July 19, 2011 | 4
A recently described swarm of fossil insects unearthed from a 100 million-year-old South American formation are a Frankensteinian riot of mismatched parts: lengthy praying mantis-like front legs; long, slim wings like a dragonfly; and wing-vein patterns to match those of modern-day mayflies. So unusual is their form that scientists are cataloguing the creatures into a completely new taxonomic order. They are hopeful that these strange bugs will divulge secrets about how early insects lived—and about modern insect diversity.
Thanks to a happy happenstance of geology, a rich shallow sea ecosystem that covered part of what is now northeastern Brazil was captured in the fossil record more than 100 million years ago. In the famous Crato Formation, fossilized insect larvae are so common that local brick workers have developed nicknames for them. And scientists have been taking a closer look at these bugs, with some surprising findings.
The "very peculiar combination of derived characters" (as the authors of the new study describe them) provide a clearer understanding of how contemporary insects evolved. The new order, Coxoplectoptera, is described in a paper published online July 19 in Insect Systematics & Evolution.
Within the new order (in the group Palaeoptera, for those keeping score), one family is particularly curious. The members of the Mickoleitiidae clade had large compound eyes and a prominent, dragon flylike chest. The species M. longimanus, named for its especially long front legs, had four slender wings that were more than twice the length of its body.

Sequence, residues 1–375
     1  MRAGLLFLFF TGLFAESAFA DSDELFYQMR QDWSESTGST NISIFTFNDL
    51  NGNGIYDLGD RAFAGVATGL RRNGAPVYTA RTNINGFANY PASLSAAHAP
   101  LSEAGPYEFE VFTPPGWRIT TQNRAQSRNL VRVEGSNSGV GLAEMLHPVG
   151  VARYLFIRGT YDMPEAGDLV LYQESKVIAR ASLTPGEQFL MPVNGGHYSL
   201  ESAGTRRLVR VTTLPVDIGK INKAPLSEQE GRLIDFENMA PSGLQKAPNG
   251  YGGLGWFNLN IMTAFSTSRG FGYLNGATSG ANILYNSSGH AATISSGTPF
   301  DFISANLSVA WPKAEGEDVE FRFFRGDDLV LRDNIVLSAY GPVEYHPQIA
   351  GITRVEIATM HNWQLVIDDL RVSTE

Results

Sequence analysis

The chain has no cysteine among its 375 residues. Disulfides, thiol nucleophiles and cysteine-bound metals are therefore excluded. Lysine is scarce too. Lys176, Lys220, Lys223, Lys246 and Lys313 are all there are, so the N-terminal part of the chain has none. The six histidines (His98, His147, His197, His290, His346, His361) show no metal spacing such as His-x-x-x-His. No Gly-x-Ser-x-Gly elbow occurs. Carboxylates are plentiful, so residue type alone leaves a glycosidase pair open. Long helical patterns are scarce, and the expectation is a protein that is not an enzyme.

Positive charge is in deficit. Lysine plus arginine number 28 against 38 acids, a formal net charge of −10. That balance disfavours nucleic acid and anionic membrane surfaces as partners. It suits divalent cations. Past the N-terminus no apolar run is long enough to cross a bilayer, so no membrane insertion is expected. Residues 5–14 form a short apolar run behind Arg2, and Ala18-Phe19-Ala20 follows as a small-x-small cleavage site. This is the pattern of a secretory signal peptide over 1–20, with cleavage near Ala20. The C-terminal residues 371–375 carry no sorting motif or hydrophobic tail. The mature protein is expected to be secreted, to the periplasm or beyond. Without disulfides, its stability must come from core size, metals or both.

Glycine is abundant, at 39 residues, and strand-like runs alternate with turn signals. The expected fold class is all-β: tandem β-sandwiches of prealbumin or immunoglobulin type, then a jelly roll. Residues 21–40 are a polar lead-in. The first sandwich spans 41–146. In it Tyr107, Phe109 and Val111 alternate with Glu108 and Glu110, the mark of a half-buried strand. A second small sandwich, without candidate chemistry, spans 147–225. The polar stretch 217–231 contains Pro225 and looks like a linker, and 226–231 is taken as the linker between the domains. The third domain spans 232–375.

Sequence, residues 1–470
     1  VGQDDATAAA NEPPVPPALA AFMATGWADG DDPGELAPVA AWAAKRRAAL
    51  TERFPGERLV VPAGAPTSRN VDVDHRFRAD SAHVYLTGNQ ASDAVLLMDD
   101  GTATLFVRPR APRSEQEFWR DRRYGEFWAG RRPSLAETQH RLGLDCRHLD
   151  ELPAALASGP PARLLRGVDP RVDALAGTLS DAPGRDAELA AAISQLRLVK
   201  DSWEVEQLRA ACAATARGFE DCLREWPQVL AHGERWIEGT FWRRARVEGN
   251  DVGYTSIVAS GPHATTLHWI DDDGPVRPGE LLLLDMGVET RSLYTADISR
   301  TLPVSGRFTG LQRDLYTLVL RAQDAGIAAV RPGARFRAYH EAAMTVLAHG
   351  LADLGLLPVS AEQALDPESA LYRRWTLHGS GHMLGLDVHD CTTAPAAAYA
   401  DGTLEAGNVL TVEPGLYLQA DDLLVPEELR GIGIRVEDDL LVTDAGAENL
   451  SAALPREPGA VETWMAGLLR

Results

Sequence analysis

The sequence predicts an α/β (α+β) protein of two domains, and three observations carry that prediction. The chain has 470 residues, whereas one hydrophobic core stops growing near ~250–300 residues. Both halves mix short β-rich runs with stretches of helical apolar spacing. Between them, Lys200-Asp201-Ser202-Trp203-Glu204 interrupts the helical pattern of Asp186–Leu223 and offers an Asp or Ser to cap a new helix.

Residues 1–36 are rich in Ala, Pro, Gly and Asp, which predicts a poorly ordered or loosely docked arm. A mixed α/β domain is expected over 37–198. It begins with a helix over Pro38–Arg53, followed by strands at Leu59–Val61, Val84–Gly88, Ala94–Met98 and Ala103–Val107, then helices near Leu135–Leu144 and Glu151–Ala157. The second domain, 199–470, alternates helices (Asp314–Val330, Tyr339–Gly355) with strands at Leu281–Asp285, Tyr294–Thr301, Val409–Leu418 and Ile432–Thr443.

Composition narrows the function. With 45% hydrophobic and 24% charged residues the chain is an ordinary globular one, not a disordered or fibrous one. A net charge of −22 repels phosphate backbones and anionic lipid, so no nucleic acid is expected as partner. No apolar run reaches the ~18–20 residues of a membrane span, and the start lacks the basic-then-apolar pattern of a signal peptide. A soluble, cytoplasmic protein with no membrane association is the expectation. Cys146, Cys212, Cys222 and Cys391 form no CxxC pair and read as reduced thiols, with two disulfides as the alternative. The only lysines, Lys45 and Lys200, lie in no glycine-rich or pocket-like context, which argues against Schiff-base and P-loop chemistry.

The Brazil rocks have been particularly generous in divulging fossilized larvae of these odd bugs. Ranging from 10 to 32 millimeters in length, these larvae also boast some interesting anatomical features that provide some clues about their way of life. The researchers examined 21 specimens and concluded that they might have hung out partially hidden in burrows and used their antenna and "raptorial" front legs to catch prey.
As the researchers, led by Arnold Staniczek, of the State Museum of Natural History in Stuttgart, Germany, noted in their paper, "the morphology of the larvae does not allow definite conclusions of their lifestyle." But more clues about their lives can be gathered by going back to the rocks themselves. One adult M. longimanus was found on the same rock plate as a juvenile prehistoric fish (Dastilbe): its destiny was to spend eternity seconds away from becoming dinner.
Images courtesy of Staatliches Museum für Naturkunde Stuttgart
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